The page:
Noah Smith writes a great piece on “what economics gets right” over at Bloomberg View today. In it, he criticizes the view of Alex Rosenberg and Tyler Curtain, who claim in a recent New York Times piece that economics “lacks the most important of science’s characteristics — a record of improvement in predictive range and accuracy.”
To counter their claim, Smith cites micro-level examples of economists making successful predictions: rates of use for public transit in San Francisco, Google’s use of game theory to maximize profits from sale of ad space (specifically, a model refined by microeconomist Hal Varian), and so-called “gravity models” of international trade that Smith says “do a very good job of predicting how much trade will occur between any two countries.”
But Smith also blames economists for Rosenberg’s and Curtain’s faulty perspective. He writes:
Why do Rosenberg and Curtain get it wrong? Part of the fault is their own — they just didn’t bother to do their homework. But part is the fault of economists, who don’t do a very good job of trumpeting their predictive successes to the world. Some economists still defend the idea that economic theory doesn’t need to make predictions in order to be useful, and instead merely has to give people a framework for thinking about the world.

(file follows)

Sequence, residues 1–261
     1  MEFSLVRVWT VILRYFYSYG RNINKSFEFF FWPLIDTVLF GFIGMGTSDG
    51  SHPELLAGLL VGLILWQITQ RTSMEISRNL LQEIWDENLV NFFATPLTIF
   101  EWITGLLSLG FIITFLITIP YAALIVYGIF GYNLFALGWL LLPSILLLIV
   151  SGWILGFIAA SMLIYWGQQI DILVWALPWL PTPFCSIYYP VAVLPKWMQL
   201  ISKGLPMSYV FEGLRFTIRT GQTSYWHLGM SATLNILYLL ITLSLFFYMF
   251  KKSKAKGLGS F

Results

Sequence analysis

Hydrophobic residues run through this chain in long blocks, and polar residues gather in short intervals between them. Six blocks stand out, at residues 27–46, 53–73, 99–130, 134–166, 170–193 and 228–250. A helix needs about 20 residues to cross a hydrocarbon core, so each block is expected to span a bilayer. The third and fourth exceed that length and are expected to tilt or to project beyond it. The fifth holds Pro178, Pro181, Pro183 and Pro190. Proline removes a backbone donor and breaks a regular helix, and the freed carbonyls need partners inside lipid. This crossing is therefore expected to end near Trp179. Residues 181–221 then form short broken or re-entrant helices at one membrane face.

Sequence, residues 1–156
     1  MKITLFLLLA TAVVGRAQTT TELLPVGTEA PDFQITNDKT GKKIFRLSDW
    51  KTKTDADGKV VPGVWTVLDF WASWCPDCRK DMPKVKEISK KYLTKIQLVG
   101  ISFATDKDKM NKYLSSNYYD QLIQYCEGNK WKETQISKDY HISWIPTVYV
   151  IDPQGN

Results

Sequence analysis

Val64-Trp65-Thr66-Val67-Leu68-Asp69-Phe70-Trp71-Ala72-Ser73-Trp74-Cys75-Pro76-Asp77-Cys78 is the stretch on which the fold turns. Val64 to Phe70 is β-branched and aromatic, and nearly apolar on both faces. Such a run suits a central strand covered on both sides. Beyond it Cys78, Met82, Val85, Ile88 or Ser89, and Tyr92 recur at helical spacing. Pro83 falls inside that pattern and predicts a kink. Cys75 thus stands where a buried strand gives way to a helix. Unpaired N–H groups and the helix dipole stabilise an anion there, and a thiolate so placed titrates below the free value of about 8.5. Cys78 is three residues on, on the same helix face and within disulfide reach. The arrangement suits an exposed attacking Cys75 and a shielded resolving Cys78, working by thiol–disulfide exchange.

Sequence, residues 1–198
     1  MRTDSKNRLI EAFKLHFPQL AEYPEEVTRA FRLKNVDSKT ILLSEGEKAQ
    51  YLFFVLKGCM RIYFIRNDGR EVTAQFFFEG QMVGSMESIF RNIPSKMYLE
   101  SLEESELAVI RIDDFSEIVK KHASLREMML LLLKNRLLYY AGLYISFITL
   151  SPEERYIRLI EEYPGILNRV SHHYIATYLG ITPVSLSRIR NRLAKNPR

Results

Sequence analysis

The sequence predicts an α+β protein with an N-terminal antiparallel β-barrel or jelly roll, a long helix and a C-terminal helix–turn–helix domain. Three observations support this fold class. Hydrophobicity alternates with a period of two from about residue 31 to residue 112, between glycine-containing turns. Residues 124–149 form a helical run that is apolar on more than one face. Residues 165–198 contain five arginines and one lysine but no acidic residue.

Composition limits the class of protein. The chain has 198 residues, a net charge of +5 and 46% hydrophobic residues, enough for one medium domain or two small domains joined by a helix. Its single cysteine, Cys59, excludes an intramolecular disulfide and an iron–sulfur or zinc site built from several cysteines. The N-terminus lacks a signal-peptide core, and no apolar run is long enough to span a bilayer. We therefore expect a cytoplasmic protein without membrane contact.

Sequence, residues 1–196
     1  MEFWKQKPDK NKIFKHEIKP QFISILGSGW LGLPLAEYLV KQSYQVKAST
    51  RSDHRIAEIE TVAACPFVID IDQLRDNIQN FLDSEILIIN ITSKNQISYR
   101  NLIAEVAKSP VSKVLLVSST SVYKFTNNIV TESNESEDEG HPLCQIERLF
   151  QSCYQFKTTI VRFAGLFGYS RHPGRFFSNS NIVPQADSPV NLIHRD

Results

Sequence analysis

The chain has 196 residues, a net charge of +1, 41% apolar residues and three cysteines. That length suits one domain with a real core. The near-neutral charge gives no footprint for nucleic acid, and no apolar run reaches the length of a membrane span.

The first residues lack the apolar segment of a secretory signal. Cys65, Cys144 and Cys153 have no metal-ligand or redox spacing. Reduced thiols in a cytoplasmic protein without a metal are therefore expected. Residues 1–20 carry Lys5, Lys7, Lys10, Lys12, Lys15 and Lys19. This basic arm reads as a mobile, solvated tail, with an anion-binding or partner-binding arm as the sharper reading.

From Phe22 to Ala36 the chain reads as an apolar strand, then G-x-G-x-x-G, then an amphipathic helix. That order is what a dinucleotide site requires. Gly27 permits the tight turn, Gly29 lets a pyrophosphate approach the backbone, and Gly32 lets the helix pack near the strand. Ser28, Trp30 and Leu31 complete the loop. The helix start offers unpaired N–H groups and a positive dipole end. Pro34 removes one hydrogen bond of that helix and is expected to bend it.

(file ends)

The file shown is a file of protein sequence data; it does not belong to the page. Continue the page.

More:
That argument hasn’t carried much water with the general public, and rightly so. Without empirical support, you can’t really be confident that a theory is a good framework for thinking about the world. It’s likely that economists using bad theories will make bad policy recommendations, no matter how organized or internally consistent those economists’ mental frameworks.
The link behind “defend the idea” in the passage above is to a paper by James E. Anderson called The Gravity Model. I’m not about to read this entire paper, so I’m not sure why he linked to it. I actually think it might be a mistake, as it’s the same link as the previous link in the article.
But whether the link is correct or not, I propose that he might as well have linked to Hans-Hermann Hoppe or some other proponent of the praxeological method, which denies, on philosophical grounds, the legitimacy of a criterion for the usefulness of economic science that regards “predictive success” as the ultimate goal. Hoppe writes:
Just recall that according to its very own doctrine, neither a predictive confirmation nor a predictive falsification would help us either in deciding whether a causal relationship between a pair of variables did or did not exist. This should make it appear rather doubtful that anything is gained by making prediction the cornerstone of one’s philosophy.
Instead of predictive success, then, “praxeologists” like Hoppe emphasize a correct application of a priori knowledge toward expanding the analytical framework with which we can think correctly about economic issues or hypothesize about future economic outcomes. Theorists can make predictions on the grounds of that a priori framework, but their predictions’ accuracy—good or bad—doesn’t necessarily inform us of the legitimacy of the framework itself. A bad prediction simply means the principles of the framework have been misapplied.
I’m guessing it’s this type of thinking that Smith is referring to when he criticizes economists who “defend the idea that economic theory doesn’t need to make predictions in order to be useful, and instead merely has to give people a framework for thinking about the world.”